Michigan clerks 'prepared for unknown' as absentee ballots mount in primary
Clerks across Michigan are preparing for in-person voting Tuesday that will look drastically different while juggling a record high absentee ballot haul that Secretary of State Jocelyn Benson said could delay results by one to two days.
Nearly 2 million absentee ballots had been issued to Michigan primary voters through last Tuesday, and 903,000 had been returned to clerks. The initial number far exceeds that for August 2016, when 484,094 people voted by absentee. Another 907,100 individuals voted in person.
The absentee tally for the upcoming Tuesday primary is expected to eclipse the 1.27 million who voted absentee in the November 2016 election, which saw a total of 4.87 million ballots cast.
Benson has touted the absentee numbers as a triumph for democracy amid the unparalleled challenges posed by the coronavirus pandemic. But it also has added to the workloads of clerks throughout the state.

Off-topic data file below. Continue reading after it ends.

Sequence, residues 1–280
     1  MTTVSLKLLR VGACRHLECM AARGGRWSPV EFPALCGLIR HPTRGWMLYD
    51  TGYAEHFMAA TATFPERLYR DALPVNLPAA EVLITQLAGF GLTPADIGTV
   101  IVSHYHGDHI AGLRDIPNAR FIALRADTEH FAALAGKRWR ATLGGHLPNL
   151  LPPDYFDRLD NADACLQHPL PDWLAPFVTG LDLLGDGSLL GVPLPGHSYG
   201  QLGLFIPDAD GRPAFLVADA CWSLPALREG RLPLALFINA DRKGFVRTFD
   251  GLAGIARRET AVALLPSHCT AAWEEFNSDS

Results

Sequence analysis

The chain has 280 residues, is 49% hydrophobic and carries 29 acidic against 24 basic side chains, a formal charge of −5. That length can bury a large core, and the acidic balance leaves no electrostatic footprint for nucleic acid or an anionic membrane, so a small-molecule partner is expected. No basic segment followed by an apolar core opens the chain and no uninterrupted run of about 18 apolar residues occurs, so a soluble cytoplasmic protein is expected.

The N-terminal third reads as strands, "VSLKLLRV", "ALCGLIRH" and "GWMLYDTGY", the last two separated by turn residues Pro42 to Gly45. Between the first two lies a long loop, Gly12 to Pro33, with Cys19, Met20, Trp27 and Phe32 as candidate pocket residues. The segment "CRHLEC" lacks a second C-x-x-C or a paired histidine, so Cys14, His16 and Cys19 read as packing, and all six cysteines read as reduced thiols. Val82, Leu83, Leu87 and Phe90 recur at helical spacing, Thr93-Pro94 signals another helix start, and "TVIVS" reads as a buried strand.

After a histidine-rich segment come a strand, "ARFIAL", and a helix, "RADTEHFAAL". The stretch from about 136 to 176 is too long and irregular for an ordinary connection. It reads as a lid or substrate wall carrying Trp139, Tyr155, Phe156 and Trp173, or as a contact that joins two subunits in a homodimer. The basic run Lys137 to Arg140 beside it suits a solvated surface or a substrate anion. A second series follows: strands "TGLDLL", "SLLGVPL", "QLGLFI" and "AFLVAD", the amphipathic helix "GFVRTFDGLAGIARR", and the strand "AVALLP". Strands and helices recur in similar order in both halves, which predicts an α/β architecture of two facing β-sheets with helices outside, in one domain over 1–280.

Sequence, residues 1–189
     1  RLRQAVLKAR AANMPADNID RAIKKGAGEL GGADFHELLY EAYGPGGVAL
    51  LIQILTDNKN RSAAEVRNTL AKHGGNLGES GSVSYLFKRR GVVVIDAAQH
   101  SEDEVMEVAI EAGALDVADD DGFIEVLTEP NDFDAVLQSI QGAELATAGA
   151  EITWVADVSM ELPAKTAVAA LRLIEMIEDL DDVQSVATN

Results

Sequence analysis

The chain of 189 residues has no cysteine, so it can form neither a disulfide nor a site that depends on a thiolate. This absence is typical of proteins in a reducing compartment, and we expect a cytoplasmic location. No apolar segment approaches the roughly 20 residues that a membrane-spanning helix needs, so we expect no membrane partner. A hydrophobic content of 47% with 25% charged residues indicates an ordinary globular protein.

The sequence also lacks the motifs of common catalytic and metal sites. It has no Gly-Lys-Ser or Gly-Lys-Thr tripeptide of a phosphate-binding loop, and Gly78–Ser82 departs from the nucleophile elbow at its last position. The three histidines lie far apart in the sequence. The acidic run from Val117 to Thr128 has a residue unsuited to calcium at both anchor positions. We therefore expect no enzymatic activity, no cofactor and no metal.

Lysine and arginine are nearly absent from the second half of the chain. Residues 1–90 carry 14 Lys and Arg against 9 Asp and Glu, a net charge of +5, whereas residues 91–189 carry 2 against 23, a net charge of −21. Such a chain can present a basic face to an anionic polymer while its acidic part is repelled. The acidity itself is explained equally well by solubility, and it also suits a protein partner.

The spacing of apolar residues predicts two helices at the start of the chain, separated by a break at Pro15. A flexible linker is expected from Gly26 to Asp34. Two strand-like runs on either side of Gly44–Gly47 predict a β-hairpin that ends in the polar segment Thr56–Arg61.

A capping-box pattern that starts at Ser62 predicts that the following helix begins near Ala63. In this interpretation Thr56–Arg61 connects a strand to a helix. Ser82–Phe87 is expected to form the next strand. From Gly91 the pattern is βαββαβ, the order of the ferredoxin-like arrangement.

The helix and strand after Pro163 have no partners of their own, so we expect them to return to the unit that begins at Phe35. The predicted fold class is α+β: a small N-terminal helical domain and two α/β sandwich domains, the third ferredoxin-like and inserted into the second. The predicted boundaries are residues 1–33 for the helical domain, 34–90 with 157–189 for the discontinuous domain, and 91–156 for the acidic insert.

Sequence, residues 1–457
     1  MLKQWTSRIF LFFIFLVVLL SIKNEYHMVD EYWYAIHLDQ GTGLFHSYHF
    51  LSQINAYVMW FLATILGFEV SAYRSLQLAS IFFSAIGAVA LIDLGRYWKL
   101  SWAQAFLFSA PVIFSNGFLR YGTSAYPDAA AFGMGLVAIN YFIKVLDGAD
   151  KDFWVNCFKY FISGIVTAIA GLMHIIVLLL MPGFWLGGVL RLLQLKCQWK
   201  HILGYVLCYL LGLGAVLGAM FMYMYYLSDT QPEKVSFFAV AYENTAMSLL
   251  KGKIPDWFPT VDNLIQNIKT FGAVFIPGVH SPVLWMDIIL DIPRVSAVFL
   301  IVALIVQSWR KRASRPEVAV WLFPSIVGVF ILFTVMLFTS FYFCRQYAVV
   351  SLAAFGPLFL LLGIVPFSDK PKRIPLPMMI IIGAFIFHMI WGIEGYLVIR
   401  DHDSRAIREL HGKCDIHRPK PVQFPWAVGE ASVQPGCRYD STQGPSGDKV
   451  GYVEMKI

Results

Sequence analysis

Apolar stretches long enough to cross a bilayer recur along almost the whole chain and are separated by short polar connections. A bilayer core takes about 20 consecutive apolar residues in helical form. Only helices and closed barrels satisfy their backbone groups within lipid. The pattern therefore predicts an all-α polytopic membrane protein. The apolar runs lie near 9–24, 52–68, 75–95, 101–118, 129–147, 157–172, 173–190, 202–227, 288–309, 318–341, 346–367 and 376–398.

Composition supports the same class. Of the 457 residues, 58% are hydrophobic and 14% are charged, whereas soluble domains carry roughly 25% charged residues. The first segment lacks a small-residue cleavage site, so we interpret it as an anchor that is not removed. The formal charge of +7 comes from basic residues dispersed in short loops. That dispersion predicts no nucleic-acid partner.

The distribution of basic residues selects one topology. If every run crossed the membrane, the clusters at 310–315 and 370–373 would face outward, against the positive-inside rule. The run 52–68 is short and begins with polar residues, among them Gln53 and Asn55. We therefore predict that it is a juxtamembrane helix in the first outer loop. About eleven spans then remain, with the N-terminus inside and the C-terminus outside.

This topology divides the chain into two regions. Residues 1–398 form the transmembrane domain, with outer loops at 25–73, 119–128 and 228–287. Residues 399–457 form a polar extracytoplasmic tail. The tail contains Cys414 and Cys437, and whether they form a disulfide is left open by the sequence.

Election officials in larger cities have prepared their absentee ballot counting boards to tally ballots from the opening of polls at 7 a.m. Tuesday through the night and into the next morning.
But the slog toward Election Day started weeks earlier. Clerks have scrambled to recruit and train new volunteers after some backed out over COVID-19 concerns, and officials outfitted polling locations and workers with personal protective equipment.
Still, a lingering feeling of uncertainty surrounds Tuesday's primary election for many clerks.
“You have to be prepared for the unknown,” Warren City Clerk Sonja Djurovic Buffa said. “We’re all doing the best that we can.”